The 1980s civil war in El Salvador is revisited in "Innocent Voices," which finds Mexican helmer Luis Mandoki working on his native turf for the first time since 1987. Failing enthusiastic reviews, Lions Gate release seems destined for second-tier festival play and modest art-house biz.
The 1980s civil war in El Salvador that provided the setting for Oliver Stone’s “Salvador” is revisited in “Innocent Voices,” which finds Mexican helmer Luis Mandoki working on his native turf for the first time since 1987’s Oscar-nominated “Gaby: A True Story.” While the respectable result is a more meaningful film than just about anything Mandoki worked on during his 17 years in Hollywood (“Angel Eyes,” “Message in a Bottle”), pic suffers from an overindulgence of triumph-over-adversity cliches and a meandering narrative that spreads too comfortably over the nearly two-hour running time. Failing enthusiastic reviews, Lions Gate release seems destined for second-tier festival play and modest art-house biz.
Though pic purports to be closely based on the life of its tyro screenwriter, Oscar Torres, it largely lacks the lyricism and depth of feeling that have characterized the most memorable films about children coming of age in war-ravaged environs, particularly John Boorman’s “Hope and Glory” and Rene Clement’s “Forbidden Games.”
Rather, pic’s approach is more obvious, reaching for the audience’s heartstrings in a superficial, isn’t-war-terrible sort of way. Set in a small village close to the front lines, the focus is on 11-year-old Chava (Carlos Padilla), who lives with his seamstress mother (Leonor Varela) and sister and who has become the de facto man of the house after being abandoned by his father.
In its early passages, pic sets up a stark contrast between village life by day — during which Chava attends school, flirts with a pretty girl in his class and works a part-time job as a bus-stop announcer — and by night, when Chava and his family must turn mattresses and furniture into makeshift shields to protect themselves from the gunfire.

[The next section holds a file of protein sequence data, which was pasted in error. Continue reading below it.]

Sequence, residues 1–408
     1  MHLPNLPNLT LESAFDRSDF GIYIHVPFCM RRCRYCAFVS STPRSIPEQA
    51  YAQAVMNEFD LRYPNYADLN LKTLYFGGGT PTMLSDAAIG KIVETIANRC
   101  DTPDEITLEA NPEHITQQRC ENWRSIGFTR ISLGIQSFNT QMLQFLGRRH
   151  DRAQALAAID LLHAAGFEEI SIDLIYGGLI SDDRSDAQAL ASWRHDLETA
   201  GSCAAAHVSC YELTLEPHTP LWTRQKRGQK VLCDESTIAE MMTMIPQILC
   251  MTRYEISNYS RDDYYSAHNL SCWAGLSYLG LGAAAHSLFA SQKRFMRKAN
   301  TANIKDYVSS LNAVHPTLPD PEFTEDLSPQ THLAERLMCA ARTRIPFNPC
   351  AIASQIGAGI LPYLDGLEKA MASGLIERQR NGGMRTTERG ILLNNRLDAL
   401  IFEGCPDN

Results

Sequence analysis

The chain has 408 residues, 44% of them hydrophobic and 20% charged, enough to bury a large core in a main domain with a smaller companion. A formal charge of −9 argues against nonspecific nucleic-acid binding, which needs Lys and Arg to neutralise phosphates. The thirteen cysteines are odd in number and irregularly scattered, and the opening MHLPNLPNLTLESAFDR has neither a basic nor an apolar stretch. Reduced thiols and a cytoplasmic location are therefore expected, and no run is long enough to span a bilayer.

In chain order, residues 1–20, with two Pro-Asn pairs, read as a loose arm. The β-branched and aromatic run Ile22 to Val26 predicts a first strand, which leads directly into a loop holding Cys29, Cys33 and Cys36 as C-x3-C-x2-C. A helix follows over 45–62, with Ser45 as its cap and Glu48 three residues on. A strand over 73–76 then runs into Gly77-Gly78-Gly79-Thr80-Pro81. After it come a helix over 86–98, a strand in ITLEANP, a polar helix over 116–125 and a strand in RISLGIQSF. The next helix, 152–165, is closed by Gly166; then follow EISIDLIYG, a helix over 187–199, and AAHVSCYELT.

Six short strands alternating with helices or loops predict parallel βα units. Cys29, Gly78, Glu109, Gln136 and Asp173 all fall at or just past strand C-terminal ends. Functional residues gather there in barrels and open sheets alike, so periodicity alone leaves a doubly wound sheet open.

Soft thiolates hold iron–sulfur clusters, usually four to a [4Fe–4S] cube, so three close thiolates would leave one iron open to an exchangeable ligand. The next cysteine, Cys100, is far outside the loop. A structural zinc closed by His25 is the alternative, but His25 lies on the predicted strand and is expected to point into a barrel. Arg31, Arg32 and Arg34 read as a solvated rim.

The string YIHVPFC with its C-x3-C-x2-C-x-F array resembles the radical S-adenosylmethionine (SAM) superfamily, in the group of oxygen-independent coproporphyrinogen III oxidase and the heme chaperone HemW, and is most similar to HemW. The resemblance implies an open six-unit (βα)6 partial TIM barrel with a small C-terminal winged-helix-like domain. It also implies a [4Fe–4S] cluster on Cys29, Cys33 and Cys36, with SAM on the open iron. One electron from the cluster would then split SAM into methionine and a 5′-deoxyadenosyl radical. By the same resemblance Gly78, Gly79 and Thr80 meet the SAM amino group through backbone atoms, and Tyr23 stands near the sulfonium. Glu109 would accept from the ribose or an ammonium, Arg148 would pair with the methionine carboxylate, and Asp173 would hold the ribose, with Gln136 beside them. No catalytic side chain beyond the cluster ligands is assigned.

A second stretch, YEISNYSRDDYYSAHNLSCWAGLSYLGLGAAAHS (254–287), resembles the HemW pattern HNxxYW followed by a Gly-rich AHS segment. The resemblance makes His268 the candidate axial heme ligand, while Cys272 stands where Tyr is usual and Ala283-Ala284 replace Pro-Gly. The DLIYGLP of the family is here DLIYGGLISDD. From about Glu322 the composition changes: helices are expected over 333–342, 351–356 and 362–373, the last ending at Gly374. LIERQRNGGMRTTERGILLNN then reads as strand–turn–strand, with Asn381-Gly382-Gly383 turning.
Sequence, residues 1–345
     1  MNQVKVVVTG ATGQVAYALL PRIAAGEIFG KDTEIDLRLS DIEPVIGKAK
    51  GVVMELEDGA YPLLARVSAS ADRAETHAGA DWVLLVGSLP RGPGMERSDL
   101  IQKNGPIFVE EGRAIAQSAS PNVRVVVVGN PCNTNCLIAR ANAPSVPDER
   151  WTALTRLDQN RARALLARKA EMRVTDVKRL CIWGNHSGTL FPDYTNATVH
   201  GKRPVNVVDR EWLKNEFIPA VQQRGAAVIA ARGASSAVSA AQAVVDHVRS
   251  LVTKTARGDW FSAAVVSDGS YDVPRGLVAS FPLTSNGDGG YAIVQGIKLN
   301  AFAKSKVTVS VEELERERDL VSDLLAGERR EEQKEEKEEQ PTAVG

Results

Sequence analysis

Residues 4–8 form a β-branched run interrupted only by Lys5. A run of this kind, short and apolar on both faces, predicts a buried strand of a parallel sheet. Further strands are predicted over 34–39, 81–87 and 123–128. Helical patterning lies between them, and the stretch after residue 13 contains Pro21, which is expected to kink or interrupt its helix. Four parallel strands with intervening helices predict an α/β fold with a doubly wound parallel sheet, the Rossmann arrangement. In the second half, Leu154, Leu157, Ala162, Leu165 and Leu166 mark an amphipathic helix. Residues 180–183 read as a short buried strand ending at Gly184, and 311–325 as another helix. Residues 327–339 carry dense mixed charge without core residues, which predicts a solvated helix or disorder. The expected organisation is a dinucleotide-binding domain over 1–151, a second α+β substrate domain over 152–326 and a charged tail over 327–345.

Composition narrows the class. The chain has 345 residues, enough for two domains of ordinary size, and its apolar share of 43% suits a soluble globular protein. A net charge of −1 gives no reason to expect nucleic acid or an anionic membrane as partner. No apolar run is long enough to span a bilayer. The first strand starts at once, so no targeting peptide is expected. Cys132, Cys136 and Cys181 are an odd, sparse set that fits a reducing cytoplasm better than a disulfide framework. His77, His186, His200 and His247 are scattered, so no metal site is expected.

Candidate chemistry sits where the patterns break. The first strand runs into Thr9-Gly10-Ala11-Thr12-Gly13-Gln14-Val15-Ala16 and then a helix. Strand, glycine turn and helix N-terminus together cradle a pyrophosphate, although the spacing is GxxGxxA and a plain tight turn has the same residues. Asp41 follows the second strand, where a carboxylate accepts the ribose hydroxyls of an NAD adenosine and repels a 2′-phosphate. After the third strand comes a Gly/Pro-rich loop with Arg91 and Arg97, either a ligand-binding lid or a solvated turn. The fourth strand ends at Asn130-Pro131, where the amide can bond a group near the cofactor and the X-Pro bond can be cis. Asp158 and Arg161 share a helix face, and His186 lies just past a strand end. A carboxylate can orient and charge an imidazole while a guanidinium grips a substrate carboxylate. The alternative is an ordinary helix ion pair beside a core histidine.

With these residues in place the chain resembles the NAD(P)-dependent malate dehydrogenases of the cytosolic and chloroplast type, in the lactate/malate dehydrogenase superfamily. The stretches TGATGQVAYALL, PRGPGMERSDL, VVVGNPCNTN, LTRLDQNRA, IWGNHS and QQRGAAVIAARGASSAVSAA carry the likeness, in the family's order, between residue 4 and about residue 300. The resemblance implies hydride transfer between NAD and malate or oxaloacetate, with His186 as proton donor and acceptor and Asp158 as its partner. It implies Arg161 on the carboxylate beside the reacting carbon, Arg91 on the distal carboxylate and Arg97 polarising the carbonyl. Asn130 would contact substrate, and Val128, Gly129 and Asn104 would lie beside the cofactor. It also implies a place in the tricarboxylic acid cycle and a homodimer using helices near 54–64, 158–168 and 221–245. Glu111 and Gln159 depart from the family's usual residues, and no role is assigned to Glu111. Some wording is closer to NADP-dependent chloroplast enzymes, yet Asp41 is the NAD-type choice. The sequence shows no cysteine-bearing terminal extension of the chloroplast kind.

Gradually, the distinction between day and night blurs, as even Chava’s school proves fair game for the army’s belligerent recruiters, who pluck boys at the age of 12 and begin training them to fight the rebels. Making matters worse is the fact that Chava is himself about to celebrate his birthday.
As Chava’s and other village families try to keep their recruitment-age children from being conscripted, pic plays one of its most compelling bits, in which Chava, tipped off by his rebel uncle (Jose Maria Yazpik) that army recruiters will be descending on his school, informs the entire village, resulting in a case of mass truancy.
While the sequence strikes the right mix of wartime chaos and absurdity, too often “Innocent Voices” veers toward either the bluntly horrific (the murder of one of Chava’s schoolmates by government soldiers) or the overtly cute (Chava’s relationship with village idiot Ancha). Likewise, pic suffers from an episodic structure that, by the fifth or sixth time Chava has narrowly escaped doom, comes to feel repetitive.
Even at its best, “Innocent Voices,” while heartfelt and earnest, speaks more generally than specifically about the conflict in El Salvador. Though pic has its share of harrowing moments, they stem more from the nature of the material itself than the pic’s presentation of it. Mandoki’s direction, albeit competent, lacks vividness or immediacy. Even the camerawork of the often great Juan Ruiz Anchia is surprisingly flat and unadventurous.
Young Padilla, on screen for nearly every scene, impresses as child actors go, but occasionally veers into camera mugging.